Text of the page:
In the middle of the anthers two curved styles emerge in opposite directions, which also have tiny projections. Like Sea Sandwort there are translucent polyps around the leaf-edges, perhaps an adaptation to highly saline conditions. There is also a film-like wavy circle around the lot, could these be the illusive petals?


21st Sept 2013, Marshside, Southport, Sefton Coast. Photo: © RWD
The single fruit nestling at the summit of a whorl of spine-tipped triangular bracts. The fruits are usually winged. It is possible that the pink remains are those of the five white/pink petals.


29th Sept 2013, beach, Hightown, Sefton Coast. Photo: © RWD
Fruit becoming more mature but is still wrapped in paperish bracts.


29th Sept 2013, beach, Hightown, Sefton Coast. Photo: © RWD
The fruit revealed, un-wrapped.


Not to be semantically confused with : Prickly Lettuce, Prickly Poppy, Prickly Heath or Prickly Sow-Thistle [plants with similar names belonging to differing families not found on the drift line]

Many similarities to : Spineless Saltwort (Salsola kali ssp. tragus) but that mostly lacks the sharp spines at the tips of bracts and leaves and is erect and twice as tall at 1m.

Uniquely identifiable characteristics

Distinguishing Feature :

According to Wikipedia, Salsola kali has been moved to a differing genus, that of a new Kali genera, naming it Kali turgida (and the sub-species tragus is now called Kali tragus). However, Clive Stace retains the Salsola genus name for the Saltworts and your Author follows suit.

The 'kali' does not relate to the kali confectionery your Author bought as a child in the 50's: coloured and flavoured small crystals of sugar into which you dipped a wet finger and licked them off in your mouth, but is Arabic as is the word 'alkali'. The ashes from burnt Prickly Saltwort contains as much as 30% of Sodium Carbonate Na and a smaller proportion of Potassium Carbonate KCO3. The ash was commonly called 'soda ash' and is alkaline. The soda ash from Prickly Saltwort was mainly used to make glass but also has uses as a cleaning agent. The name 'Saltwort' refers to this high alkaline salt content, rather than to common salt, NaCl, but growing by the sea it must also contain quite a high proportion of salt. It is a 'succulent' containing a high proportion of (salty) water. It is also classed as a halophyte, a plant tolerant of (common or sea) salt.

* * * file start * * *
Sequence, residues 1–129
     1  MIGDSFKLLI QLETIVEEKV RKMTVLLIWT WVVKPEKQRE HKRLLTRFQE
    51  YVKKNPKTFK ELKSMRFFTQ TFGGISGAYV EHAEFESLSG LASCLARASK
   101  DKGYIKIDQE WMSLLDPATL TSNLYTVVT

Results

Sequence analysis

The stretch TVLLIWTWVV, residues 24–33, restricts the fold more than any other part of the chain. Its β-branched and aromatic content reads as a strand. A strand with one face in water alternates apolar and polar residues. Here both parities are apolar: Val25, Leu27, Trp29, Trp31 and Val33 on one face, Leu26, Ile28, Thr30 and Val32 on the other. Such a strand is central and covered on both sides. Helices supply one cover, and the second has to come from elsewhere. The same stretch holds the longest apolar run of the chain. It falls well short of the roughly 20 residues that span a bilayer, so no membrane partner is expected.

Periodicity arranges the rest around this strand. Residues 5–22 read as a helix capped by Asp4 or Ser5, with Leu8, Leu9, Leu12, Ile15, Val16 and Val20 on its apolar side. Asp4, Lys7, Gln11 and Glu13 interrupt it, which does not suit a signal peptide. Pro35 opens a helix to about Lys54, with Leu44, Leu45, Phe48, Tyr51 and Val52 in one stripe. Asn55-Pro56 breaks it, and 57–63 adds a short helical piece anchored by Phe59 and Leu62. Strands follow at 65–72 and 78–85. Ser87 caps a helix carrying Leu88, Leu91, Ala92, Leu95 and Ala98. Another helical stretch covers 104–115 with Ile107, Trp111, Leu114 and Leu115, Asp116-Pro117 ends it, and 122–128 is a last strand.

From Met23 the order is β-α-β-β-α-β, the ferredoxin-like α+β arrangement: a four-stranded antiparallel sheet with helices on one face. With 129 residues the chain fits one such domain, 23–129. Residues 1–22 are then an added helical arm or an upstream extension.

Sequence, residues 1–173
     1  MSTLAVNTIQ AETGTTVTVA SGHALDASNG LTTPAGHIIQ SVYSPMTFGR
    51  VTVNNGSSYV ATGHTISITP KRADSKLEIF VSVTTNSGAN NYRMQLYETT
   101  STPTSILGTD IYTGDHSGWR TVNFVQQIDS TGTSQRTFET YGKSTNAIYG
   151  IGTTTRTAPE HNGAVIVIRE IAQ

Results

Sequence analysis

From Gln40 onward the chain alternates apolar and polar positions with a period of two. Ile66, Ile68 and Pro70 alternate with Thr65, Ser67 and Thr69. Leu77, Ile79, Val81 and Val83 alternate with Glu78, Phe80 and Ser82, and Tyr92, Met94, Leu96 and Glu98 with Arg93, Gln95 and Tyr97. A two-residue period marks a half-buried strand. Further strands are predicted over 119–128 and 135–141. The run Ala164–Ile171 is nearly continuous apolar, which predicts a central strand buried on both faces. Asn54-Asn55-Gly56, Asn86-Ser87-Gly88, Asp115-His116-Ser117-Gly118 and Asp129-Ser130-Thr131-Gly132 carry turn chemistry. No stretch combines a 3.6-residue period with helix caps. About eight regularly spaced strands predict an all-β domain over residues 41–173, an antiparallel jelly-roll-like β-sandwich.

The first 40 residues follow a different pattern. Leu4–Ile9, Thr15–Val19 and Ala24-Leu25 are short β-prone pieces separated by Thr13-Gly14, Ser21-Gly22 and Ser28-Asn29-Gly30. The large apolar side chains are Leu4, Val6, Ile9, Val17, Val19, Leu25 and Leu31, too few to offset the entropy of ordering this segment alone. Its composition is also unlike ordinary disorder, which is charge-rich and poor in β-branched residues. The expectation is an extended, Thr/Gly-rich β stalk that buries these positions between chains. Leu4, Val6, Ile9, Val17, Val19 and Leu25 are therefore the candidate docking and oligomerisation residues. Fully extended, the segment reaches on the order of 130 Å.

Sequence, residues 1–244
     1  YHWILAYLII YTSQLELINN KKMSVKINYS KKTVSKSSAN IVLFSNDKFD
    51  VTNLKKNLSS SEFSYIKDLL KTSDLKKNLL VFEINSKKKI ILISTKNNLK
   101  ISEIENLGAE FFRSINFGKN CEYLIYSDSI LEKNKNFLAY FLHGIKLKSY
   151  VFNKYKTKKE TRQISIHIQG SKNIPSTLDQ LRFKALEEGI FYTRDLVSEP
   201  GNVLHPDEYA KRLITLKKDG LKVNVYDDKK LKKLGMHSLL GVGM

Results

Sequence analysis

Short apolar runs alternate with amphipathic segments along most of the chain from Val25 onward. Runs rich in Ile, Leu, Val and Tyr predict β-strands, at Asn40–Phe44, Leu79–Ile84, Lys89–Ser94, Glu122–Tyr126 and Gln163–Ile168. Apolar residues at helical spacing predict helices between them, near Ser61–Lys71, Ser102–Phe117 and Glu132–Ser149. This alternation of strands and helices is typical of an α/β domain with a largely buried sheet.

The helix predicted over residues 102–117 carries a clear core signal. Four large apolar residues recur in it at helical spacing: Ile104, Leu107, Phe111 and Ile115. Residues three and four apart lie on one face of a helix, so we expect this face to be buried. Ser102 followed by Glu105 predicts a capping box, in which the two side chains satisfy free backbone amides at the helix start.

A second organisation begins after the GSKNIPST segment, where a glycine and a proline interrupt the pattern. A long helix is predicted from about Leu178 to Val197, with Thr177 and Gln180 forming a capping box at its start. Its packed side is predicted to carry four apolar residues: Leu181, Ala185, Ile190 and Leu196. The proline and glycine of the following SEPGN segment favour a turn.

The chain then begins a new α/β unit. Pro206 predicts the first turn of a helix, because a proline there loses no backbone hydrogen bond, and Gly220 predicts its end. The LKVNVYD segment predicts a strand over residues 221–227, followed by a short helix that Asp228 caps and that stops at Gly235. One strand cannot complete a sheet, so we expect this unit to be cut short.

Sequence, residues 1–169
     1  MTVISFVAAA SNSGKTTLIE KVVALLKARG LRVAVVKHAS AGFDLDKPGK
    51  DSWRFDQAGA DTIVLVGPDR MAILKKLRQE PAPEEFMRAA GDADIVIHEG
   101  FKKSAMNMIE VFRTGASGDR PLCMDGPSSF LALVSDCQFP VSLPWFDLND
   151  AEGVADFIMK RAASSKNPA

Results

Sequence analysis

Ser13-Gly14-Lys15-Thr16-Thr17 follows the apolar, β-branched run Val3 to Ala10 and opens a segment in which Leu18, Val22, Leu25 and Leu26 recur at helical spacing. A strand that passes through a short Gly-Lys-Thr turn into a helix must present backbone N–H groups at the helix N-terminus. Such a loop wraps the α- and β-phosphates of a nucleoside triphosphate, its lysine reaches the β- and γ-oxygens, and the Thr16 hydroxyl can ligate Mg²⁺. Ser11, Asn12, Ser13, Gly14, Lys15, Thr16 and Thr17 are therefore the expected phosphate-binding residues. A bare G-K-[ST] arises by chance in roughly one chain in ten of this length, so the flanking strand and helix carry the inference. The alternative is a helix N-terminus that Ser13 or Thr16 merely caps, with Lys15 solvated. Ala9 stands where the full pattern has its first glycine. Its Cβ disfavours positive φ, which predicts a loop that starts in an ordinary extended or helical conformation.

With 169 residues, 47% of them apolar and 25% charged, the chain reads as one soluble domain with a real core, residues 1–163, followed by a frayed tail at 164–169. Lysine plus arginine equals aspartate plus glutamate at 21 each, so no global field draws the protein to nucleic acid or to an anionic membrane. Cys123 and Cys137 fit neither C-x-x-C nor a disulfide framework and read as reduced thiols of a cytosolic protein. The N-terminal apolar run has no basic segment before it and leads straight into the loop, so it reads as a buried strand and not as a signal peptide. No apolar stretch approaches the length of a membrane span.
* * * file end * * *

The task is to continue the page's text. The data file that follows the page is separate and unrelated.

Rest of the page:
In the United States this plant grows much taller than the 50cm observed in the UK and is also known as 'Tumbleweed' because when it is brown and in fruit, the wind catches it and blows it across America over considerable distances, scattering its seeds as it tumbles over the land. In reality, it is only one species of Tumbleweed in America, several other species are also known as Tumbleweeds because they roll up into a ball as they are blown across the States.

Like many coastal plants it is casual and opportunistic, sporadically appearing here and there when conditions allow, for, growing on the drift-line, it can easily get washed away by storms. Such drift-line plants tend to have no special season, fresh ones can be found growing nearly all year round, those who live a dangerous life on sandy soil near the sea-shore cannot be choosy.


  Salsola kali ssp. kali  ⇐ Global Aspect ⇒ Amaranthaceae  

Distribution
 family8Goosefoot family8Amaranthaceae

 BSBI maps
genus8Salsola
Salsola
(Saltworts)

PRICKLY SALTWORT

Salsola kali ssp. kali

Goosefoot Family [Amaranthaceae]